This was the bulk of the conclusion of the paper, which I gave yesterday.
We have aimed to describe what is actually the case in the way Christians use Scripture. It is actually the case that the individual texts of the Bible had particular original meanings in their own contexts that were overwhelmingly a function of the language games of their day. It is actually the case that the unified perspective from which Christians read Scripture developed over time in Christian history. These would seem to be unavoidable realities, even if a good deal of intellectual energy has been devoted to denying them.
If we wish to conceptualize a Christian hermeneutic that is coherent, we thus need to take these things fully into account. I can think of no way to do so other than the general schema I presented in the introduction, namely, 1) to consider the individual texts of the canon as points in a flow of revelation, genuine points of partial revelation in a progressive flow and 2) to consider the consensus of faith that the Holy Spirit unfolded in the Church as the appropriate vantage point from which to read these texts as a unified whole with a unified Christian message. The postmodern attention to the polyvalence of language proves to bolster and indeed justify this hermeneutic.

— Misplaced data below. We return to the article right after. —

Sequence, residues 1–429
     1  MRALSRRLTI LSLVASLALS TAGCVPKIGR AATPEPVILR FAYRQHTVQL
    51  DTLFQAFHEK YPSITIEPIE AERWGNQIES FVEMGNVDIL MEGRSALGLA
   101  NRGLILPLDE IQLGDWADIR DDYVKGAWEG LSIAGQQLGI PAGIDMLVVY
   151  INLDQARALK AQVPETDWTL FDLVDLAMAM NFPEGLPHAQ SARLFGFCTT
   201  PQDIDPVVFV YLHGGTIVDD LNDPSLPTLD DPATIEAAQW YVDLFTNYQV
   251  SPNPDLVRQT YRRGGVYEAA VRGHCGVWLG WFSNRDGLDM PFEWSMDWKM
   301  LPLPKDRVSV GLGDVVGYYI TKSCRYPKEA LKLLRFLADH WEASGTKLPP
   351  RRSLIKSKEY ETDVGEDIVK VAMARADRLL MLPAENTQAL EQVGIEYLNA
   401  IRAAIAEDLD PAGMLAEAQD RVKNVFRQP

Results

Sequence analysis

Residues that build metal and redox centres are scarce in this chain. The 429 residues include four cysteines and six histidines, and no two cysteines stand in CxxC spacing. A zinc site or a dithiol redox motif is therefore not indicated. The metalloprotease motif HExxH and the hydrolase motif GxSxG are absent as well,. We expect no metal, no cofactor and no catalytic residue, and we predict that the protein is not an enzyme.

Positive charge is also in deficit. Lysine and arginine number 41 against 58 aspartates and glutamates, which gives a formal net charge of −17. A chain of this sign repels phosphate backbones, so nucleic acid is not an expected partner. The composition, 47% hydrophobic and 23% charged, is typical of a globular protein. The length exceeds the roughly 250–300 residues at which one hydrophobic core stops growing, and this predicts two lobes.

This approach is not specifically Wesleyan, of course. I am suggesting it is the only way to have a coherent Christian hermeneutic per se, let alone a Wesleyan one. But I close with two ways in which these developments cohere well with the Wesleyan-revivalist tradition. First, pneumatic interpretation is not foreign to us revivalists. The charismatic use of Scripture, long scorned by the well informed, turns out to have the imprimatur of New Testament interpretation itself. Secondly, there is great potential in Vanhoozer’s sense of Scripture as performative, a drama for the people of God to perform. There is great Wesleyan potential in a view of Scripture as a whole that sees its primary purpose as the formation of a holy people, that is, discipleship.